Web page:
To fail to pray, then, is not to merely break some religious rule?it is a failure to treat God as God.

We are continuing God?s work of forming, filling, and subduing. Whenever we bring order out of chaos, whenever we draw out creative potential, whenever we elaborate and unfold creation beyond where it was when we found it, we are following God?s pattern of creative cultural development.

We tell the truth and keep our promises simply out of love for the One who died for us, who kept a promise despite the unfathomable suffering it brought him.

When people say, I know God forgives me, but I can't forgive myself, they mean that they have failed an idol, whose approval is more important than God's.

With Bible believers, he quotes Scripture and John the Baptist; with pagans he argues from general revelation and the greatness of creation. The biblical content in his presentation varies as well, depending on the audience. He changes the order in which various truths are introduced, as well as the emphasis he gives to different points of theology. With Jews and God-fearers, Paul spends little time on the doctrine of God and gets right to Christ. But with pagans, he concentrates most of his time on developing the concept of God. With Greeks and Romans, Paul goes to Christ?s resurrection first ? not the cross.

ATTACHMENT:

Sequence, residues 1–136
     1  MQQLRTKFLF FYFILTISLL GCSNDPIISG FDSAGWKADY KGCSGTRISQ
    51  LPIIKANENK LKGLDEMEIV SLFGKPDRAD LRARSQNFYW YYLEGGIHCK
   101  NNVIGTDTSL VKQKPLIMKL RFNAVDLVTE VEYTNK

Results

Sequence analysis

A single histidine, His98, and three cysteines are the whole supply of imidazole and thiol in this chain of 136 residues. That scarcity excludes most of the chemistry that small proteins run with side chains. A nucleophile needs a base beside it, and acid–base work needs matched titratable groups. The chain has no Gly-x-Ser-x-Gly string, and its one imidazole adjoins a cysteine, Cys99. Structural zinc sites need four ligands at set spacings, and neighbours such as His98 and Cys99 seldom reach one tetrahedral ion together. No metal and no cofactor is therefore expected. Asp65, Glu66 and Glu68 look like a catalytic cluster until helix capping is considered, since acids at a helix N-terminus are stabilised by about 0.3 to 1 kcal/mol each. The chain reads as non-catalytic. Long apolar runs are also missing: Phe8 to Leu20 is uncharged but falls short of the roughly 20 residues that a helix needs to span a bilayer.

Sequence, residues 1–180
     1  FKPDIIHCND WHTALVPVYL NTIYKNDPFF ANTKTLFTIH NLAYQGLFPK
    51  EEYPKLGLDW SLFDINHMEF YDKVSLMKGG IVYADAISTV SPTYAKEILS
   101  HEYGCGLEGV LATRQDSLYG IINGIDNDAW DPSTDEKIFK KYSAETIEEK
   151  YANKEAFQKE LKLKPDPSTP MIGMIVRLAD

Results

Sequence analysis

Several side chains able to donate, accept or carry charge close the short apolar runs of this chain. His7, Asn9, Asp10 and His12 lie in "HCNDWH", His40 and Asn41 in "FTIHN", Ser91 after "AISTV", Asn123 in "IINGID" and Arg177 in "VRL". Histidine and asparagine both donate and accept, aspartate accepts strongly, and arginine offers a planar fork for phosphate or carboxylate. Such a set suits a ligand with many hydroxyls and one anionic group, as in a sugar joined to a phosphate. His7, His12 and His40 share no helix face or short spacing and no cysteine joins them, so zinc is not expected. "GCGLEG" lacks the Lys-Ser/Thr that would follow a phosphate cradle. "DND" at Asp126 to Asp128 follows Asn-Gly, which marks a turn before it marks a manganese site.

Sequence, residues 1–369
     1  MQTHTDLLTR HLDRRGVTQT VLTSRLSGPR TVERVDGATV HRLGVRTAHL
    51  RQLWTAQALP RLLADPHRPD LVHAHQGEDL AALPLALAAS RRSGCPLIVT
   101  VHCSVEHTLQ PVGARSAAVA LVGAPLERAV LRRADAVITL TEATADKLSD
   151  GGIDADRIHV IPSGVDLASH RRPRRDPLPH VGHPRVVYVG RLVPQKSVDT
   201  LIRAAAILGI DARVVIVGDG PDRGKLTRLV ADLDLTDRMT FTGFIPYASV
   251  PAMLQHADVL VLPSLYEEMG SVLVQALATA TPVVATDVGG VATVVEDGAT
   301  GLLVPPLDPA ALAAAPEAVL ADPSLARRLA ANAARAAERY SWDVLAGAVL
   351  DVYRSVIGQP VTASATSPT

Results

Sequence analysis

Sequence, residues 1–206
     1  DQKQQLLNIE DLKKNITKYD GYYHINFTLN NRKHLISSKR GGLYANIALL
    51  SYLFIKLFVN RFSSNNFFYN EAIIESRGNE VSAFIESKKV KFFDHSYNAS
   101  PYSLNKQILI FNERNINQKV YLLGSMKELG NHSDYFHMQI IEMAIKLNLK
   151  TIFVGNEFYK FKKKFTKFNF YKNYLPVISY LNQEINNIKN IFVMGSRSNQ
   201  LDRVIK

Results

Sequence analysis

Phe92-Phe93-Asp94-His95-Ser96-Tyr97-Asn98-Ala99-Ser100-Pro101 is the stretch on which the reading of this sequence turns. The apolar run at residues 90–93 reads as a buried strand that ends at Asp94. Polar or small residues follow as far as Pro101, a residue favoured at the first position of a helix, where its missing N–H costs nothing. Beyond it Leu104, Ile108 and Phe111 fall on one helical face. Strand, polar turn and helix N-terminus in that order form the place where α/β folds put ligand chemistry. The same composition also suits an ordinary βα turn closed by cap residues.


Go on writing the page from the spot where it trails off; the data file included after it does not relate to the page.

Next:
The reason that marriage is so painful and yet wonderful is because it is a reflection of the gospel, which is painful and wonderful at once. The gospel is this: We are more sinful and flawed in ourselves than we ever dared believe, yet at the very same time we are more loved and accepted in Jesus Christ than we ever dared hope. This is the only kind of relationship that will really transform us. Love without truth is sentimentality; it supports and affirms us but keeps us in denial about our flaws. Truth without love is harshness; it gives us information but in such a way that we cannot really hear it. God?s saving love in Christ, however, is marked by both radical truthfulness about who we are and yet also radical, unconditional commitment to us. The merciful commitment strengthens us to see the truth about ourselves and repent. The conviction and repentance moves us to cling to and rest in God?s mercy and grace.

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American Presbyterian Pastor, Theologian and Christian Apologist, Founding Pastor of Redeemer Presbyterian Church in Manhattan, Chairman of Redeemer City to City